Monday, April 23, 2018

Review: Action Comics #1000

Last week was a huge day in Superman history as Action Comics #1000 came out, complete with 10 different variant covers and 10 different stories. One of those was ''The Truth', the first installment by Brian Michael Bendis in his time running the Superman mythos.

I have to say that I loved the issue. Not every story resonated with me. But they all encapsulated who Superman is. I won't review all of them but each vignette leaned into the idea of Superman being a source of truth and justice, a good man trying to help, an inspiration to people everywhere, and beloved. This was my Superman.

Now this won't work for everyone, I'm sure. Some might think it was hokey. Others boring. Others yet unoriginal. But anniversary issues like this ... and this is the biggest anniversary issue of them all so far ... are supposed to be about looking back at the big concepts. And for me, I wanted it to honor all the mythology that came before it.

To put it in other terms, I'm a baseball fan and my favorite baseball movie is The Natural, an almost supernatural story about redemption. That's level is what this issue was. Not Bull Durham or Major League.

I also admit that I splurged and got a bunch of covers. I ordered the limited Artgerm and Tyler Kirkham variants. And at the store I bought the Dan Jurgens, Steve Rude, and Mike Allred covers. 

My favorite is probably the Allred one because he snuck so much Silver Age sweetness onto the cover, including some excellent Supergirl moments.

The plan here will be to look closely at the Bendis story and then touch upon some of the others, so be warned. Spoilers ahead.

The Bendis story starts on the Metropolis skyline as something flies through buildings, including Lexcorp. We then focus in on two women working in a diner when a battered Superman, the projectile which careened through the city,  comes tumbling through the front wall. 

A couple of things about this opening shot. First off, having Superman crash through the Luthor building is a nice little symbolism that there is a new, tougher archenemy in town. One who doesn't even care about Lex's building. And then seeing Metropolis through the eyes of these day workers was a nice way to give us the citizens' perspective of living with Superman. 

A huge scarred villain lands to try and finish off Superman but he runs into Supergirl.

Okay, this made me very happy. The first punch in Bendis' run is thrown by Kara. And this is Crisis on Infinite Earths #7 level anger on Kara (kudos to @FraktallnverTer for pointing out the similarities on Twitter) as she bashes this guy with a series of rabbit punches. If we were worried Kara was going to be forgotten, we learned she won't be.

Unfortunately, she seems outmatched.

Superman ends up staggering into the fight and after some quips, the two throwdown. But even Superman seems overpowered by this monster. The Kirby Krackle is crackling everywhere.

At last we get a name ... Rogol Zaar. 

And he claims that he is on Earth to cleanse it of the Kryptonian plague. Superman is first on the hit list. Supergirl will be next. 

Okay, we get it in just a couple of pages. This is a Doomsday level threat with a planetary racial grudge.

But then we get the last page which made me pause.

Zaar says that he is the one who blew up Krypton. And then he buries his spear, Batman V Superman style, right through Superman's chest.

I don't know why we need to rethink Krypton's origins or why it blew up. Can't the origin just stand on its own merits. The planet was unstable. Jor-El couldn't convince people to recognize the danger. Kal is rocketed away. It works. heck, Morrison boiled it down to eight words.

I don't know if I like creators feeling they need to add a new wrinkle, tell the story behind the story, or change things radically. Will Bendis make this work? Who knows. But already we are heading down a rocky path.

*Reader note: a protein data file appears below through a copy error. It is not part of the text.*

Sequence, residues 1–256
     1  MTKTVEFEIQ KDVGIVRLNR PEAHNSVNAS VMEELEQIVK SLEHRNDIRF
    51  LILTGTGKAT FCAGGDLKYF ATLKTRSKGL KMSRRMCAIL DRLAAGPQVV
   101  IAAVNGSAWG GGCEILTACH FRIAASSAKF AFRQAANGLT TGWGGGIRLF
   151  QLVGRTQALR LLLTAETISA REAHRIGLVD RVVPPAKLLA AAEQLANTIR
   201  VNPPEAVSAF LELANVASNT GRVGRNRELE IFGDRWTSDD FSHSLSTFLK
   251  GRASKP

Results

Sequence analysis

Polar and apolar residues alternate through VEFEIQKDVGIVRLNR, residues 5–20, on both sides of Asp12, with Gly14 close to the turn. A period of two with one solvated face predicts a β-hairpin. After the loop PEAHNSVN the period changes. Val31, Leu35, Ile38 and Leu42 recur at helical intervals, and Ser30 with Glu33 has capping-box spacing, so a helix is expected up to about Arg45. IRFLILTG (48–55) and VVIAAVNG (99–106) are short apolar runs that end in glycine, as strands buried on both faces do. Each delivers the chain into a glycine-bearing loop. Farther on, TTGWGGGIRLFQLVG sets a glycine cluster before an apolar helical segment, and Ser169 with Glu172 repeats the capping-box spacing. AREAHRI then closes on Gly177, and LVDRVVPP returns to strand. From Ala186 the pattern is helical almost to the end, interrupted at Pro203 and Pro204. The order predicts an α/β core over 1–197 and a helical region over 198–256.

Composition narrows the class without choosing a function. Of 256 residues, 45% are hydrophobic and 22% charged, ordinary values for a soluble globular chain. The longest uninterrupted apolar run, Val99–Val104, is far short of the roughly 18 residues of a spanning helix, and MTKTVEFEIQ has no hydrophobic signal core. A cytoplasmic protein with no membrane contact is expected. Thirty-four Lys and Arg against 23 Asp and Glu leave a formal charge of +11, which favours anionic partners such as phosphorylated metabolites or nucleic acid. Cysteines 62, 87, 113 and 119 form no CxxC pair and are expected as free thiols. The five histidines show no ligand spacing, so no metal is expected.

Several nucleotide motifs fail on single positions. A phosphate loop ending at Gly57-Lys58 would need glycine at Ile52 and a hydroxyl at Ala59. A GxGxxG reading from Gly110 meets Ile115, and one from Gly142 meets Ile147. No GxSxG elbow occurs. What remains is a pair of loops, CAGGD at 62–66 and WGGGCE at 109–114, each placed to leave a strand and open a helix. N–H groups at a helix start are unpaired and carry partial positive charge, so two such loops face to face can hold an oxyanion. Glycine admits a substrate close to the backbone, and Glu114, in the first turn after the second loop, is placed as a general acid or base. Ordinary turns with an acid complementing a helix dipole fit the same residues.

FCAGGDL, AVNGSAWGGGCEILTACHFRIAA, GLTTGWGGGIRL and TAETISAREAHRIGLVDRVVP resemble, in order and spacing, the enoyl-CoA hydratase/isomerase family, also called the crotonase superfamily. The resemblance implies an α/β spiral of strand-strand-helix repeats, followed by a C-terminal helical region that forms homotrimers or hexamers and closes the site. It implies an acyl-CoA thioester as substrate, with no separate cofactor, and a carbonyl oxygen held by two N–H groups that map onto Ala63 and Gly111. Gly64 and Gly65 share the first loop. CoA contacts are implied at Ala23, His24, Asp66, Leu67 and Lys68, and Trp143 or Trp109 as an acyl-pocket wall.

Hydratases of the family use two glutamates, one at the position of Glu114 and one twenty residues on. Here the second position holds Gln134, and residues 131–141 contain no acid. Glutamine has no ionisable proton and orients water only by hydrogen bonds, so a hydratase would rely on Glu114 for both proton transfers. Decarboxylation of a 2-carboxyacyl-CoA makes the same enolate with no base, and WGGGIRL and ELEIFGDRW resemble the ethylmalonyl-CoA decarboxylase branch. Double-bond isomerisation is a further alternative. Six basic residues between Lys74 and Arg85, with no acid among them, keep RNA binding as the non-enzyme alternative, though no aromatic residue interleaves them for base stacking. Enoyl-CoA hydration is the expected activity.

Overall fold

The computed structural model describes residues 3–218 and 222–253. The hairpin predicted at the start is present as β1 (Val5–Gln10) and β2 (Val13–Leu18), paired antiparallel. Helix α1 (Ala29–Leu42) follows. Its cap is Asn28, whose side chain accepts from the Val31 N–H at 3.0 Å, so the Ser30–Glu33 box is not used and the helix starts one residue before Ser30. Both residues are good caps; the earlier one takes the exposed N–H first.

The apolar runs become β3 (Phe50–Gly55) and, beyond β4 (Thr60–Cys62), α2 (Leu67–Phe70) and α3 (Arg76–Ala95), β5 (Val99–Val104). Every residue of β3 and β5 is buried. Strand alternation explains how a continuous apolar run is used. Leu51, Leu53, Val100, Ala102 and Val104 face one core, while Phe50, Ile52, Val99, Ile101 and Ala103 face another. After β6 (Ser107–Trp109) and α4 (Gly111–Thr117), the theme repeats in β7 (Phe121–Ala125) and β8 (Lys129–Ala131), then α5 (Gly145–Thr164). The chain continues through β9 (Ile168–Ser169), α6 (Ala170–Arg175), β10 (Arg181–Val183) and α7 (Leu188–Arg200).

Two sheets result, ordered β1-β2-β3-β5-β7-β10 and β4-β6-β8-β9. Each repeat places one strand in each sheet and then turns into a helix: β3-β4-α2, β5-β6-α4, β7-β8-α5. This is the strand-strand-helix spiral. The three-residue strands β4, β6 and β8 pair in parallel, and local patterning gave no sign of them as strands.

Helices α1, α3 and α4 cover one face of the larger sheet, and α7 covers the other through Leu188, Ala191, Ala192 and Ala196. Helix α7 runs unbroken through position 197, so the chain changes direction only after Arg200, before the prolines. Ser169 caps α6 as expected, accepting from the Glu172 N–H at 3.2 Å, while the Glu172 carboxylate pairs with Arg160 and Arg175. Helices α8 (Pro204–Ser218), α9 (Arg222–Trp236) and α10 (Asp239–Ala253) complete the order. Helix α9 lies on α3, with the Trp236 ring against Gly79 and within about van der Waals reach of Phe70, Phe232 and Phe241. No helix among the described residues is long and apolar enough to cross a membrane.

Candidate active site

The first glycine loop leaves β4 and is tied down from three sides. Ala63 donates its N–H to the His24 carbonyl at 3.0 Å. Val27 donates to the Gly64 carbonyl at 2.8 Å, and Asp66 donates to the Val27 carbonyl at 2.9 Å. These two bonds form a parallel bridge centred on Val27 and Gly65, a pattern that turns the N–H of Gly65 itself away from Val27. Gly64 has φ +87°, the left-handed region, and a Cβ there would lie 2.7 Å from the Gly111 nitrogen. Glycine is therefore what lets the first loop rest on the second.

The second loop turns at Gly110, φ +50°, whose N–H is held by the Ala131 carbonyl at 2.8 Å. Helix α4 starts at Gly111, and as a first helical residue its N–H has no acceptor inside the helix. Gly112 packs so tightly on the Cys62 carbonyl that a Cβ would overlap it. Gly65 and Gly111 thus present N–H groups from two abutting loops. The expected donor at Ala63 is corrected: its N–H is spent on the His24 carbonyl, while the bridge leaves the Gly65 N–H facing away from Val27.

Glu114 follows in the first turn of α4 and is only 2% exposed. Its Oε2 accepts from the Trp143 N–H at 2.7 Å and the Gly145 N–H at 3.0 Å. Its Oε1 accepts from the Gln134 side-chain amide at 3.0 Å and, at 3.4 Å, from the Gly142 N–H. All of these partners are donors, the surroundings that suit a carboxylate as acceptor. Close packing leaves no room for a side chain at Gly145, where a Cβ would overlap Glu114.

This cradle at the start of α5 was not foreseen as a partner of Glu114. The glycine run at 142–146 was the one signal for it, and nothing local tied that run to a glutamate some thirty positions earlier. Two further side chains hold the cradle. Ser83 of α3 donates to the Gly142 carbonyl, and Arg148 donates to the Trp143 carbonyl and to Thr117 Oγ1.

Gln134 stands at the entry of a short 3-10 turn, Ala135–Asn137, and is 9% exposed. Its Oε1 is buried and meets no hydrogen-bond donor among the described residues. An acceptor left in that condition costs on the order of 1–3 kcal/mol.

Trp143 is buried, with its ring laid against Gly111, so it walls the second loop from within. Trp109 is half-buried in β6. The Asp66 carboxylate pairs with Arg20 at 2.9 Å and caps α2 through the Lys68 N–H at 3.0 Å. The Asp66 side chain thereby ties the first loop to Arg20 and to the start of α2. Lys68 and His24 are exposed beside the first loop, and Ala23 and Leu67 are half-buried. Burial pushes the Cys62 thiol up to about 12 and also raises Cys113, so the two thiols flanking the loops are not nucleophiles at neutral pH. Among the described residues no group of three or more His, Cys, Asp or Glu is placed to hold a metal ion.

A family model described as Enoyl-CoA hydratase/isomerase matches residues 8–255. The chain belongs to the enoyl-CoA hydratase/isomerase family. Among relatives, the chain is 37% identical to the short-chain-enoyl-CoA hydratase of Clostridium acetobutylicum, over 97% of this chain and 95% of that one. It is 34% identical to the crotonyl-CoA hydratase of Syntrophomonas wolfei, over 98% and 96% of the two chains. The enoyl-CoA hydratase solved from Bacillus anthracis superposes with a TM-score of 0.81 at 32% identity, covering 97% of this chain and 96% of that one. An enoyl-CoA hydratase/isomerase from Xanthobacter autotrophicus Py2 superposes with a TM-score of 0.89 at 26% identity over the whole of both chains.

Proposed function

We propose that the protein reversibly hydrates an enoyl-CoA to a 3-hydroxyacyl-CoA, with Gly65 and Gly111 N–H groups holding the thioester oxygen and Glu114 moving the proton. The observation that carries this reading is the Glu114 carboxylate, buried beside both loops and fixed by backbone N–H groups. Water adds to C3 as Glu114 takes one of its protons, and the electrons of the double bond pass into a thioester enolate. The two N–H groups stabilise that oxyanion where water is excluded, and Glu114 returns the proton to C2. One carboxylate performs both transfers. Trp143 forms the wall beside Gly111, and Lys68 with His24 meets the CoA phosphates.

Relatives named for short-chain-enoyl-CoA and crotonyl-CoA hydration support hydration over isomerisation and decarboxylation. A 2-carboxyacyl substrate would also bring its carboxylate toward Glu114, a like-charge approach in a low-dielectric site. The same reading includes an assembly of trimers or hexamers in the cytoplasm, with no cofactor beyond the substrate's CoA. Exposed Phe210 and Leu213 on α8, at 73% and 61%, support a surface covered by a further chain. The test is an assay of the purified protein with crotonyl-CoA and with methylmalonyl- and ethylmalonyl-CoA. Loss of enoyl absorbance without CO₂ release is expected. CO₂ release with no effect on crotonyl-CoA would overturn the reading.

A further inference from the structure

Still, no denying the presence of Supergirl here. Let's not look past that.

Okay, onto my favorite stories. 

Dan Jurgens wrote and drew 'From the City that has Everything' in which Lois has to cajole and convince Superman to attend a Superman day in Metropolis and get some accolades. She even thought ahead to have the JLA run interference on threats so he had no excuse.

I love how awkward Superman is in being thanked. This isn't why he does it. And I loved that it isn't just the citizens of Metropolis but also the hero community which thanks him. 

Great story.

Peter Tomasi and Patrick Gleason do a wonderful story titled 'Never Ending Battle) where Superman is cast through Hypertime by Vandal Savage. As a result, the team gets to give us a page from all the Superman eras from the earliest days to the mullet days of the 90s to The Dark Knight Returns and even Kingdom Come. But in all those timelines, his desire for justice ... and his love for his family and his desire to get home to them ... keeps him on task to ultimately defeat the bad guy. 

Great retrospective told in splash pages.

Geoff Johns and Richard Donner along with Olivier Coipel give us 'The Car'. 

In a nice little story, we get to see what happened to Butch, the masher from Action Comics #1

As he waits for his destroyed car to be assessed, Superman shows up with a life lesson. Butch's youth wasn't a happy one. Now the time has come for Butch to decide who he is going to be. Will he be the bully? Or will he be a friend?

I don't know if I ever gave a second thought to what ever happened to Butch. That is a great call back.

'Actionland!' was brought to us by Paul Dini, Jose Luis Garcia-Lopez (praised be his name), and Kevin Nowlan.

In a futuristic amusement park, kids are on a Superman roller coaster ride which is telling the life story of Superman. They get to the end of the Man of Steel's career when he was defeated by Mr. Mxyzptlk. At first I thought Dini was referencing Moore's 'Whatever Happened to the Man of Steel' but in the end it is something more fun. And there is a nice comment about how Superman stories are limitless. Not one can ever be 'the story'. 

Hmmm ... maybe it is a reference to Moore's story in the end.

Love this one. The art is just gorgeous.

And then, of all people, Brad Metzler (of Identity Crisis fame) with John Cassaday gives us 'Faster Than a Speeding Bullet' in which we learn that Superman is as inspired by us as we are of him.